(Reuters) - Iconic California surf band The Beach Boys will reunite in 2012 to release a new album and embark on a 50-date worldwide tour celebrating their 50th anniversary, the band said on Friday.
Members Brian Wilson, Mike Love, Al Jardine, Bruce Johnston and David Marks, who were all involved in early versions of The Beach Boys band in the 1960s, when their fame rose due to the popularity of songs such as “Surfin’ USA,” “California Girls” and “Good Vibrations,” are producing a new record after a 15-year studio album hiatus.
“This anniversary is special to me because I miss the boys, and it will be a thrill for me to make a new record and be on stage with them again,” Wilson, 69, said in a statement.
Singer Love, 70, added “It was a thrill to be around a piano again with Brian, Alan and Bruce and experience firsthand the brilliance of Cousin Brian’s gift for vocal arrangements.”
The still untitled new album will be released in April, and be tied to a 50-date tour starting at Jazz Fest in New Orleans that is part of their 50th anniversary campaign spotlighting the band’s career, music catalog with commemorative releases.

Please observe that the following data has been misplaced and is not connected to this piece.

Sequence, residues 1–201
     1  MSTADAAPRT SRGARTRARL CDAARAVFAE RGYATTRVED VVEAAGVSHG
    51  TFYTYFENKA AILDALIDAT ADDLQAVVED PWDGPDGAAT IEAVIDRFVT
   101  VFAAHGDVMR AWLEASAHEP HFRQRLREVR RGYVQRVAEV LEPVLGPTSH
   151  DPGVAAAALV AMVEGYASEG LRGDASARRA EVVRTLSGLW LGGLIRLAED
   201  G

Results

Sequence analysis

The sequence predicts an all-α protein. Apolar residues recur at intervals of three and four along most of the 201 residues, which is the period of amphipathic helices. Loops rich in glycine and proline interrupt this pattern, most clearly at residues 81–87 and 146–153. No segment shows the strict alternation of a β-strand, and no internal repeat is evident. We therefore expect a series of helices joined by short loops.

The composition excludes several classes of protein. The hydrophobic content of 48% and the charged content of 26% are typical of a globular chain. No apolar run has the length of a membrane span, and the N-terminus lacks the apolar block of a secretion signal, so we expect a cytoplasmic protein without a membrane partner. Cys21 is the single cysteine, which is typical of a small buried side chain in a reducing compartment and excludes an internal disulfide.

The Beach Boys struck their first chords in Hawthorne, California in 1961, with brothers Brian, Carl and Dennis Wilson, their cousin Love and school friend Al Jardin. Johnston and Marks joined later versions of the Beach Boys to fill in for departing members.
The band became known for their upbeat songs about California’s carefree beach lifestyle, pioneering the sound for surf-rock. Their albums included “Pet Sounds” and “Smile.”
The Beach Boys hold the title for America’s top-selling band according to Nielsen SoundScan figures, and also hold the record for the most Billboard Top 40 chart hits with 36 songs.
Despite the deaths of Dennis and Carl Wilson in 1983 and 1998, respectively, the band have continued to tour successfully over the years. They have received numerous accolades including the Grammy Lifetime Achievement award and an induction into the Rock and Roll Hall of Fame in 1988.
Reporting by Piya Sinha-Roy; Editing by Bob Tourtellotte